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Let S be a finite set of integers, do I can check with Gap that this set be a set of character degrees of small group?

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No one has mentioned yet: the order of the group must be a multiple of the LCM of the elements of S. – John Wiltshire-Gordon Oct 13 '12 at 19:38
up vote 4 down vote accepted

Dima is correct that the problem is much easier with multisets. Furthermore, taking direct products with Abelian groups, it is clear that for any given set of irreducible character degrees which actually occurs, there are infinitely many groups for which it occurs, if we allow multiplicities. I had a recollection that Isaacs and Passman proved a kind of converse of this: if a finite group $G$ has all its irreducible character degrees of degree less than $d,$ then $G$ has an Abelian normal subgroup $A$ whose index is bounded in terms of $d.$ I could not locate a reference at the time, though I did not have Isaacs' book to hand. Since my original post, however, Yemon Choi kindly provided a reference in the comments below (see MR0167539). The wording of Isaacs and Passman's result is perhaps mildly ambiguos: they speak of an Abelian subgroup of index bounded in terms of $d$, omitting the word "normal", but of course if $G$ has an Abelian subgroup $A$ with $[G:A] \leq h,$ then the intersection of the $G$-conjugates of $A$ is normal, and has index at most $h!$. Hence, in general, if we know the irreducible character degrees of a finite group $H,$ there is an Abelian normal subgroup $A$ of $H$ such that $|H/A|$ is bounded in terms of the largest degree. So in small cases, it may be possible to use GAP to determine all possibilities for $H/A.$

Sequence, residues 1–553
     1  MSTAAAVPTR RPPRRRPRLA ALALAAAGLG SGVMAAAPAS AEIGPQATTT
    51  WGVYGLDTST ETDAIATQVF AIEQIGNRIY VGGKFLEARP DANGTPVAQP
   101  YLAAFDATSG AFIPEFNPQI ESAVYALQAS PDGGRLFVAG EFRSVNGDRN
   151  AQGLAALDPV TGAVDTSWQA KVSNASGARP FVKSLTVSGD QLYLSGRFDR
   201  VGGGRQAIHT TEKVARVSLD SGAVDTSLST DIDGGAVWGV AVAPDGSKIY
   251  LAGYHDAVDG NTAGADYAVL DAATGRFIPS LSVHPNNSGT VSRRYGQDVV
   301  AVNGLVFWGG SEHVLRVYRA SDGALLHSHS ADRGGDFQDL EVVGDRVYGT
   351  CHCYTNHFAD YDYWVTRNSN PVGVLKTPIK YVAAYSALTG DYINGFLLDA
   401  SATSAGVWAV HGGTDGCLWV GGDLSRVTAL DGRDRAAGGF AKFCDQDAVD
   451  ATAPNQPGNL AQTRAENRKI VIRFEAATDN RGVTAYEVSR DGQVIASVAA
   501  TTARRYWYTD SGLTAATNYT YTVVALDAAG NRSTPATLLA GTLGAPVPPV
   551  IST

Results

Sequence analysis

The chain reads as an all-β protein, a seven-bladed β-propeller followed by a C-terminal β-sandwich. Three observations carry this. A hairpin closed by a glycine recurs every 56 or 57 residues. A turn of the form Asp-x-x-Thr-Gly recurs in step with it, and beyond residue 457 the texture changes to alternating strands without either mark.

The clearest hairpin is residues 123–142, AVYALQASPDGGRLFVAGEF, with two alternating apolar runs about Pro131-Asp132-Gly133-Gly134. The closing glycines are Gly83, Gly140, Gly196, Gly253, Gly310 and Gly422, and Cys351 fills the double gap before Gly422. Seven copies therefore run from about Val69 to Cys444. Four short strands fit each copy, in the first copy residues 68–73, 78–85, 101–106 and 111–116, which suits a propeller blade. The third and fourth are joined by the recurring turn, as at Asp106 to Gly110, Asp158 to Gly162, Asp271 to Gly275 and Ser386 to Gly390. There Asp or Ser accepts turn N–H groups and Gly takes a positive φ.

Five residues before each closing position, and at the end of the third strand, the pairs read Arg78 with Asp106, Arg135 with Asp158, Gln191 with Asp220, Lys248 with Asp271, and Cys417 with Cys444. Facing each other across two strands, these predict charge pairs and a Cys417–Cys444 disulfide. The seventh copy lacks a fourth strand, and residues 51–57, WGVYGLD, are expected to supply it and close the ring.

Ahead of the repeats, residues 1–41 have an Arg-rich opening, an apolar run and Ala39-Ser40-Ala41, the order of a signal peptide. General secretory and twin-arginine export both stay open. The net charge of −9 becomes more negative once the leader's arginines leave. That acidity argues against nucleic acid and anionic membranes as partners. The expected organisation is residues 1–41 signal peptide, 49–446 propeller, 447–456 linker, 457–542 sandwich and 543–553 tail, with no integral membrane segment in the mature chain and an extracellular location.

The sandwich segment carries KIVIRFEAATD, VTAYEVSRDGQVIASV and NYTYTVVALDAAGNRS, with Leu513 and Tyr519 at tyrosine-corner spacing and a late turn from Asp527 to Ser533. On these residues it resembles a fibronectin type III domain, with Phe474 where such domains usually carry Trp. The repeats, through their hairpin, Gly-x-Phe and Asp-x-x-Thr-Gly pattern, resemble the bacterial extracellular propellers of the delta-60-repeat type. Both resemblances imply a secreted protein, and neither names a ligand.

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I am out of the office right now so cannot view it, but I think the result of Isaacs and Passman that you refer to is in their paper Groups with representations of bounded degree, Canad. J. Math. 16 (1964) 299--309. – Yemon Choi Oct 13 '12 at 23:58
Thanks, that figures- I put a date range in Mathscinet starting at 1965! – Geoff Robinson Oct 14 '12 at 1:24

Given an arbitrary set $S$ of powers of some prime $p$, subject only to the condition that $1 \in S$, there necessarily exists a $p$-group $P$ such that $S$ is exactly the set of irreducible character degrees of $P$. In fact, it is always possible to find $P$ having nilpotence class $2$. This theorem appears in my paper in PAMS 96 (1986).

There is no analogous result for arbitrary sets of integers. For example, no group has irreducible character degree set $\{1,2,3,5\}$.

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You most probably mean "the set of degrees of irreducible characters". Indeed, given a finite set of integers, it should not be hard to construct a finite group that has irreducible characters of that degrees (and many more other degrees).

Still, for "the set of degrees" the problem does not look easy, as degrees can repeat, and you don't have a good way to control the order of the group $G$. For "the multiset of degrees" $d_1$,...,$d_t$ things are much better, as then $G$ has order equal to $\sum_{j=1}^t d_j^2$, and so you can just look through GAP's database of small groups for such a group.

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